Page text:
When I got them home I made sure that they continued to eat and did incision checks twice daily. They healed and recovered perfectly fine.

I hope this helps you some. If you have any more questions please ask. Oh and my boys were a year old when I got them neutered.

04-30-08, 04:19 pm
Wow, Sophistic_chick! Thanks for all the info! I'm going to print out your post and take it with me to the vet's. I'm also going to call, and see if she's ok with me doing a 4 hour fast instead of all night. Sounds like that will be better.

04-30-08, 04:23 pm
You are MORE than welcome Cosmictadpole...I work at a vet hospital (which doesn't normally see exotics) and know the importance of pre-surgical bloodwork. I was honestly bummed when they couldn't do a full 6 panel of chemistries.

With the fasting, I didn't have to do any at home. The Dr. who preformed the surgery did a seminar on rabbits and ferrets on the weekend (which I attended) and he wants all of the patients to come in with food and they fast according to the surgery time scheduled. Also, the second they are awake and walking around the food goes back in.

04-30-08, 04:31 pm
I am wishing the best for your little Freddie! It's my belief too that he should have food through the night, all four of my pigs did when they had surgery. In fact they encouraged that they did eat beforehand.

I've had two pigs neutered. Spencer was a fast healer and was pop corning within a week, ok so maybe that wasn't a good idea when you have a healing incision! Brownie on the other hand didn't do so well, I won't worry you with the details but after a long battle he did survive.

Fingers crossed.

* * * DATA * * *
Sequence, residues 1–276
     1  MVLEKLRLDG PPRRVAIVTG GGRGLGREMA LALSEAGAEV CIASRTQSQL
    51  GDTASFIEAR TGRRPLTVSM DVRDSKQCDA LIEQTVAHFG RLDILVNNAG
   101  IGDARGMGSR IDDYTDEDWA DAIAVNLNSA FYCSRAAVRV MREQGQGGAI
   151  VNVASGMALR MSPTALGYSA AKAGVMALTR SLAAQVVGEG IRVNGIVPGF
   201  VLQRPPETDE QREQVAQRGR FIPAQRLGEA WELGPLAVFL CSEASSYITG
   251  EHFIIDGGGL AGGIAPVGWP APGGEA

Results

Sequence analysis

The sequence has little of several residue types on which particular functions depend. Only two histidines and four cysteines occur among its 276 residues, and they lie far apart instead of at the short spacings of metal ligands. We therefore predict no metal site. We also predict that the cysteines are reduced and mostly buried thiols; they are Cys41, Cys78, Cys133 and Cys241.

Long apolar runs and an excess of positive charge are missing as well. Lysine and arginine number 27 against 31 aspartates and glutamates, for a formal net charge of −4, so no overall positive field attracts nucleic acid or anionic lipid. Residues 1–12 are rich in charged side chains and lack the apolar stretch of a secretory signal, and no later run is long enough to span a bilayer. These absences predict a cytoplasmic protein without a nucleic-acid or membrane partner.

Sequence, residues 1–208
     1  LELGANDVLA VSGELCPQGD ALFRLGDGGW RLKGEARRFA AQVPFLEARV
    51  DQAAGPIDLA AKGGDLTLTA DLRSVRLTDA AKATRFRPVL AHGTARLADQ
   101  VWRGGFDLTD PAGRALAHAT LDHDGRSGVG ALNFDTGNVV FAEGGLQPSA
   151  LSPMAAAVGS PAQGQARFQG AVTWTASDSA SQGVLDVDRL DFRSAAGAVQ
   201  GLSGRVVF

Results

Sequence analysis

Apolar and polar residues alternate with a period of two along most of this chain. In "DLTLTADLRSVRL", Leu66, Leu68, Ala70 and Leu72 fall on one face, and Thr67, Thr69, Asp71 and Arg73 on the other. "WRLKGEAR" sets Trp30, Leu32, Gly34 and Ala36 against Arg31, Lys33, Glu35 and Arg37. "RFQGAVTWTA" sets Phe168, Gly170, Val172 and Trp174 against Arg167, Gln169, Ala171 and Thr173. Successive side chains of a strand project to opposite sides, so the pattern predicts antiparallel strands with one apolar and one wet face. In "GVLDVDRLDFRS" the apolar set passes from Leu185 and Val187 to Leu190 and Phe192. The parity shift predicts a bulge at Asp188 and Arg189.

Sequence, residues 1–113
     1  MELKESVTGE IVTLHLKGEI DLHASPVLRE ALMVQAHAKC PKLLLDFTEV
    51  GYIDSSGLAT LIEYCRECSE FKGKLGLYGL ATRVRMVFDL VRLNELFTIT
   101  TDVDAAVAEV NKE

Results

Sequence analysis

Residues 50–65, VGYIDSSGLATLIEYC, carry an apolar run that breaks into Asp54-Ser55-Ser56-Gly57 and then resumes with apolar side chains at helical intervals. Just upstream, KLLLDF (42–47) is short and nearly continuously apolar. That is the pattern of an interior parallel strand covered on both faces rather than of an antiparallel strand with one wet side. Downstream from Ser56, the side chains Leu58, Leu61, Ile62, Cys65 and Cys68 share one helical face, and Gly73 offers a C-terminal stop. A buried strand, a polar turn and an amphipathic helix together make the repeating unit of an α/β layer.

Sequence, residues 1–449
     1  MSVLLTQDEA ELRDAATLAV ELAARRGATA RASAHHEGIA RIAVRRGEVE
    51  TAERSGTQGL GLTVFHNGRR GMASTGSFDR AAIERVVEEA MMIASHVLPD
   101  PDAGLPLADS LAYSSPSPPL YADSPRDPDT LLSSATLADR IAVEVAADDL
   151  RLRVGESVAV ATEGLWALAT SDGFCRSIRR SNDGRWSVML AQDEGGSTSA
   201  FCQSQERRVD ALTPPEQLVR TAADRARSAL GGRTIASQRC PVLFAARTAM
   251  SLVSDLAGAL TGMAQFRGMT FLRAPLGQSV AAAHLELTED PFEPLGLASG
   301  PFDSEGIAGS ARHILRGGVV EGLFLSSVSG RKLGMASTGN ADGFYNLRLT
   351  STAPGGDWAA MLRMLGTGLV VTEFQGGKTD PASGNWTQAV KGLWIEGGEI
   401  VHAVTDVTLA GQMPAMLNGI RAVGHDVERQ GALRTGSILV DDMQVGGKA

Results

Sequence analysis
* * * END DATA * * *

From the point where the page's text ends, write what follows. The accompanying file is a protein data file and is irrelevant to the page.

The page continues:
04-30-08, 04:35 pm
Thanks Rachy! I'm glad your pigs did well in the end. I have taken the feeding info to heart, and have left a message with the vet to discuss it with her. I drop him off at the vet's at 8:00 am, so I'm thinking that a good compromise would be to just take his food away when I get up in the morning. Then he should just have a couple of hours without it, and I'll make sure he's got food available to him right when he wakes up.

04-30-08, 04:42 pm
That is what I did too, took his food away in the morning. Both of my pigs went in at about 9am and were home by 6pm. But it all depends on how well the pig is doing after surgery. As I said Spencer was great, he had eaten before I took him home! I would advise you to bring a little bag of his favorite veggies for him to encourage him to eat after surgery, it's very important to keep their gut moving.

Edit: Just realized you already said that.. duh!

05-02-08, 10:15 am
Freddie came home last night, and he was groggy, but up and eating pretty quickly. He seems to be a little mad at me, but otherwise seems to be doing well. I tried to give him his pain medication this morning, and man is that difficult! The first dose ended up on my pants. So I tried again with my boyfriend's help, and I think most of it got in his mouth. Thank you everyone for your support! I know that there could still be complications, but I'm really relieved that nothing happened during his surgery or last night while I slept.

05-02-08, 12:49 pm
I'm glad to hear that everything went smoothly with his surgery. I do have a tip for you regarding the pain medication. When I gave my boys their pain medication I placed the syringe pretty far back in their mouths (as far back as their molars) and waited for them to sort of gnaw on it. If they didn't do it right away I wiggled the syringe and then pushed the plunger.

I wish him happy healing!